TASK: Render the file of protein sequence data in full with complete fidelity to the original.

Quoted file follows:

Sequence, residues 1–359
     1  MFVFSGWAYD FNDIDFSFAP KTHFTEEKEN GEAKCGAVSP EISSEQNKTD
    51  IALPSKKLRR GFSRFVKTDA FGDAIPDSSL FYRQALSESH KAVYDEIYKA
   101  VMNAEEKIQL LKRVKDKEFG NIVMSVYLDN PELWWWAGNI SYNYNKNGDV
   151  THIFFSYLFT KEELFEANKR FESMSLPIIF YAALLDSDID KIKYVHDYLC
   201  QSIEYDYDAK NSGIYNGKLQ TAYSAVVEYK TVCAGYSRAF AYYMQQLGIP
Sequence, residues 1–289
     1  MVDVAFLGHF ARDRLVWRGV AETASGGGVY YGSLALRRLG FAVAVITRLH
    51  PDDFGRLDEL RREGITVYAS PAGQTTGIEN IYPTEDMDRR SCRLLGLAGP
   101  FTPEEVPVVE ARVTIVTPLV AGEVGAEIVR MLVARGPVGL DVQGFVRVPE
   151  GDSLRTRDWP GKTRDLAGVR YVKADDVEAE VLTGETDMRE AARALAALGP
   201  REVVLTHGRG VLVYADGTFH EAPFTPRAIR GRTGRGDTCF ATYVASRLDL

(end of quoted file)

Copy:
Sequence, residues 1–359
     1  MFVFSGWAYD FNDIDFSFAP KTHFTEEKEN GEAKCGAVSP EISSEQNKTD
    51  IALPSKKLRR GFSRFVKTDA FGDAIPDSSL FYRQALSESH KAVYDEIYKA
   101  VMNAEEKIQL LKRVKDKEFG NIVMSVYLDN PELWWWAGNI SYNYNKNGDV
   151  THIFFSYLFT KEELFEANKR FESMSLPIIF YAALLDSDID KIKYVHDYLC
   201  QSIEYDYDAK NSGIYNGKLQ TAYSAVVEYK TVCAGYSRAF AYYMQQLGIP
Sequence, residues 1–289
     1  MVDVAFLGHF ARDRLVWRGV AETASGGGVY YGSLALRRLG FAVAVITRLH
    51  PDDFGRLDEL RREGITVYAS PAGQTTGIEN IYPTEDMDRR SCRLLGLAGP
   101  FTPEEVPVVE ARVTIVTPLV AGEVGAEIVR MLVARGPVGL DVQGFVRVPE
   151  GDSLRTRDWP GKTRDLAGVR YVKADDVEAE VLTGETDMRE AARALAALGP
   201  REVVLTHGRG VLVYADGTFH EAPFTPRAIR GRTGRGDTCF ATYVASRLDL